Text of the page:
Gaudi spain architect: Antoni Gaudi | Biography, Sagrada Familia, Works, Buildings, Style, & Facts

Who Was He, and Why Is He Important? –

With his extravagant, shapeshifting structures that drew on a variety of sources, from the Arts and Crafts movement of the 19th century to Islamic and Asian architecture to traditional Catalan forms and beyond, Antoni Gaudí became one of the most famous architects of the first half of the 20th-century. He remains a pioneering figure of Art Nouveau and modernisme, or Catalan Modernism. Gaudí is best known for his intricate structures throughout Barcelona, with the storied Basílica de la Sagrada Família having become one of the most popular tourist destinations in Europe in the last century. The following guide traces Gaudí’s rise to prominence in the Spanish city, highlighting some of his most famous contributions to its landscape.

Gaudí early interest in nature influenced his architecture.
Born in 1852 in the Catalonian city of Reus, Gaudí drew inspiration early on from his family’s boiler-making business. As a working architect, Gaudí later said that he had “that ability to feel, to see the space because I am the son of a boilermaker. The boilermaker is a man who makes a volume out of a surface; he sees the space before he begins working.” Suffering from health problems as a child, Gaudí spent extended periods at a summer home in the Spanish town of Riudoms, where he spent much of his time observing and studying the natural world. Experiences of this kind are believed to have shaped his architectural style, potentially laying the groundwork for his structures’ biomorphic forms.

Gaudí’s career in Barcelona began when he was a young adult.
The architect graduated from Barcelona’s School of Architecture in 1878. At the time, the institution’s director, Elies Rogent, famously said, “I do not know if we have awarded this degree to a madman or to a genius; only time will tell.” That same year, he designed a display case for a Barcelona glove shop owned by Esteve Comella, and the piece was subsequently shown at the World’s Fair in Paris. Gaudí’s first commission from the Barcelona City Council came in 1879, when he designed public lampposts that remain installed in the city’s Plaça Reial and Pla del Palau today.

Antoni Gaudí’s Casa Vicens in Barcelona.

Lucas Vallecillos / VWPics via AP Images

His mark on the city grew in the 1880s as he refined his distinctive style.
Gaudí’s first residential project was the construction of Casa Vicens, which was built between 1883 and 1885. The structure was commissioned by the financier Manuel Vicens i Montaner and meant to serve as a summer home for his family. Situated in Barcelona’s Gràcia neighborhood on Carrer de les Carolines, Casa Vicens features bright red accents, mesmerizing arrangements of checkered tiles, and slender minarets extending above its roof. During this period, Gaudí designed another summer home in the northern town of Comillas for Máximo Díaz de Quijano, who was the brother-in-law of the marquis of Comillas. The villa, called El Capricho, features a striking red and green tower, an ornate portico, and rounded walls. In this decade, Gaudí also received his first commission from the Barcelona entrepreneur Eusebi Güell, who would become a noted patron of the architect’s work.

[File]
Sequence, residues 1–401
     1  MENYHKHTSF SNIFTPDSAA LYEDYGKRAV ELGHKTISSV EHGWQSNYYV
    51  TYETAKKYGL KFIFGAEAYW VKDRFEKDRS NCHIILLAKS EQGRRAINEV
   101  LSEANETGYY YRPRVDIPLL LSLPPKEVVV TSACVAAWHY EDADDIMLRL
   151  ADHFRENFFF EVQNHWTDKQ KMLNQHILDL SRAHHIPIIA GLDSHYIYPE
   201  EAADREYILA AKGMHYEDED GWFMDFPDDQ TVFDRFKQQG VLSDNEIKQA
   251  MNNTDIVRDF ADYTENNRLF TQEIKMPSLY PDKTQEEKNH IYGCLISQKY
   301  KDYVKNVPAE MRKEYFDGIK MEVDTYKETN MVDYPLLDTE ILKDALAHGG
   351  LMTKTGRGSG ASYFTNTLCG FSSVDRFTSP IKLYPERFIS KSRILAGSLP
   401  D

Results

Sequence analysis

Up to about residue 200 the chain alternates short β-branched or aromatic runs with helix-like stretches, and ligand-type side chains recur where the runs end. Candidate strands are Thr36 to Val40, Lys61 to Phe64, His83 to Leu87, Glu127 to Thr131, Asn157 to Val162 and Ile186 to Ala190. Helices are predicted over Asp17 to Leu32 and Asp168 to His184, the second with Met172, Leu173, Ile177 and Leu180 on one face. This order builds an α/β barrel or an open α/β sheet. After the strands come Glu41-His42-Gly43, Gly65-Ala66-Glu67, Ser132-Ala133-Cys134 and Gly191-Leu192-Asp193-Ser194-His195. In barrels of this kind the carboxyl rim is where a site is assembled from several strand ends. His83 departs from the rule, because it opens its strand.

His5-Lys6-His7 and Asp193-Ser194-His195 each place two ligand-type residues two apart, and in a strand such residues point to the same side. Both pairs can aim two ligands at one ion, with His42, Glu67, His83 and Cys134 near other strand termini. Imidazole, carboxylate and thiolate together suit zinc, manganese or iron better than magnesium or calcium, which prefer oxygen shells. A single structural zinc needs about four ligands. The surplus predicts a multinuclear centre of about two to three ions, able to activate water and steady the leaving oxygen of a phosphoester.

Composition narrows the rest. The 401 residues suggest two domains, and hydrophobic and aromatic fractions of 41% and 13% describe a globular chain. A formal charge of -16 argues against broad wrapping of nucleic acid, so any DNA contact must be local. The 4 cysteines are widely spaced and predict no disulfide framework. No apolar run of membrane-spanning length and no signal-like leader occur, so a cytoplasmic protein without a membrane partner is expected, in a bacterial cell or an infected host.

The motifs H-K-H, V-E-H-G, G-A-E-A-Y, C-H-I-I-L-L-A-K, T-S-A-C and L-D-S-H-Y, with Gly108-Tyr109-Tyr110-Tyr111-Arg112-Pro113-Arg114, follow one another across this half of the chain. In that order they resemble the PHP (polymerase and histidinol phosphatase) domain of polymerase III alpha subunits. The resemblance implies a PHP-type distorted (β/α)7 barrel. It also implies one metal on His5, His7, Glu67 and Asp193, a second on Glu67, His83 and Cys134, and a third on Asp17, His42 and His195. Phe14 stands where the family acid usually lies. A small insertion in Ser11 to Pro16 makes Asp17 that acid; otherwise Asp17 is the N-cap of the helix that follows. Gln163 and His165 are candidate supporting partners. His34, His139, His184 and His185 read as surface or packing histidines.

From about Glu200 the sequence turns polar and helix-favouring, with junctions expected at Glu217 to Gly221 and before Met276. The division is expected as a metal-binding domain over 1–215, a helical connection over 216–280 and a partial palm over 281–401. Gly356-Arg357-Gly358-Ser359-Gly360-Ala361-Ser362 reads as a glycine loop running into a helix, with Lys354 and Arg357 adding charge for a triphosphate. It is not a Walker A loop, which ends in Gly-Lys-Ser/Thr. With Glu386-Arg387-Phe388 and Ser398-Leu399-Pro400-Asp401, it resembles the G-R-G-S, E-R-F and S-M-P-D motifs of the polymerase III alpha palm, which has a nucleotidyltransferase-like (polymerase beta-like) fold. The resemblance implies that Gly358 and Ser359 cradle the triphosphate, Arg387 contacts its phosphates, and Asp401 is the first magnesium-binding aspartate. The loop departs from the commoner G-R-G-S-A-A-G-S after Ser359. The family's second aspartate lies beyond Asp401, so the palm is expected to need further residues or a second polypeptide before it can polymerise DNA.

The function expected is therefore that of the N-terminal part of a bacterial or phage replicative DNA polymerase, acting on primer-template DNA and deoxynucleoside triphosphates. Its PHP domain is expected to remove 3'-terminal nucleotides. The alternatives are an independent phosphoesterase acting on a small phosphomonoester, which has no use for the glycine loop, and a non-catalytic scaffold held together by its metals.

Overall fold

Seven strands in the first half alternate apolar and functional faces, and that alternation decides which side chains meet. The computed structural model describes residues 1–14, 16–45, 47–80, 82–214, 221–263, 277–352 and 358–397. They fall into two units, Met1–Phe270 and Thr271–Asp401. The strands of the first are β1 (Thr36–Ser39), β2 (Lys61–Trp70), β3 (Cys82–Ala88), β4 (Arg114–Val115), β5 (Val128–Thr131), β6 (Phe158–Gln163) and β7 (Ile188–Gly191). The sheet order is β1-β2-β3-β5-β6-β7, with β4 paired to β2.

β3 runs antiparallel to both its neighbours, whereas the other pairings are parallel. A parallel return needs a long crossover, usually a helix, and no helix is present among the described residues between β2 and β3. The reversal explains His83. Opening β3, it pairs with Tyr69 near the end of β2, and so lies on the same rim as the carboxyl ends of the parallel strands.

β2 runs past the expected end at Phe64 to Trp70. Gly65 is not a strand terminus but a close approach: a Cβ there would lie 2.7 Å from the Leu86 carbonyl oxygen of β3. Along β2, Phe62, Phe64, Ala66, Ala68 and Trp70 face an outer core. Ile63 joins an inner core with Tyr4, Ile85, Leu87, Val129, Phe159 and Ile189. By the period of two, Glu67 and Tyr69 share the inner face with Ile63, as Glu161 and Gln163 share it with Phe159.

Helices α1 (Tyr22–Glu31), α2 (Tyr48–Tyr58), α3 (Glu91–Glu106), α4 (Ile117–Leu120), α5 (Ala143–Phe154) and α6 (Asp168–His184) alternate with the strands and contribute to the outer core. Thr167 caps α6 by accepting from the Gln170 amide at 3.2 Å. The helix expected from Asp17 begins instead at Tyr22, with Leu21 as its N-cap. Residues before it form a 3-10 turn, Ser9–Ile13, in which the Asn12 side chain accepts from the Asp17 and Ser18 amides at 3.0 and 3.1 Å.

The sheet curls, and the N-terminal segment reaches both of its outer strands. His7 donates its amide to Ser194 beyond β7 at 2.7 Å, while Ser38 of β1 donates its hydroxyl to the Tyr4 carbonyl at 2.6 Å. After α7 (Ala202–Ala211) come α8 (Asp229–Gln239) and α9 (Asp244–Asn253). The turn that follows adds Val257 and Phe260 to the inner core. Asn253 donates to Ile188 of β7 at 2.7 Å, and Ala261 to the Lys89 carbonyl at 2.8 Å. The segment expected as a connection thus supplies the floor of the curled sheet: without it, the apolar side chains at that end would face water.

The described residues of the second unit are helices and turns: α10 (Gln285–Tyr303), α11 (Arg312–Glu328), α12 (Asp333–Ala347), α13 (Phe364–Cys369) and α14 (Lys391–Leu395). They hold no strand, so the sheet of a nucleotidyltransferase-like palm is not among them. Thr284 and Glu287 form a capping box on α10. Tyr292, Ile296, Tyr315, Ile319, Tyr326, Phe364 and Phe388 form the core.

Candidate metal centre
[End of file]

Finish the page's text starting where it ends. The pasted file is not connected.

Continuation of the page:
Inside the Sagrada Família in Barcelona.

Europa Press via AP

Gaudí started working on the Basílica de la Sagrada Família in 1883.
Gaudí took on his most famous project, the Basílica de la Sagrada Família in Barcelona, in 1883, one year after the architect Francisco de Paula del Villar had made an initial proposal for the structure. Gaudí strayed from that neo-Gothic plan for the cathedral, which was scrapped due to financial concerns relating to materials and production, and opted for a more unconventional design. When Gaudi died, just one part of the cathedral—the church’s bell tower dedicated to the apostle Barnabas—was completed. Now one of Spain’s most-visited attractions, the Sagrada Família’s construction remains incomplete, and officials announced in 2020 that it is expected to be finished in 2026, which will be the 100th anniversary of Gaudí’s death. The Sagrada Família, whose iconic exterior is marked by a cluster of intricate spires and highly detailed sculptural depictions of the life of Jesus Christ, features 56 columns branching into a ceiling full of kaleidoscopic shapes and stained glass windows in electric blue, green, red, and orange hues. These otherworldly, phantasmagoric elements stand in stark contrast to the subtler and less showy look of many cathedrals in Europe.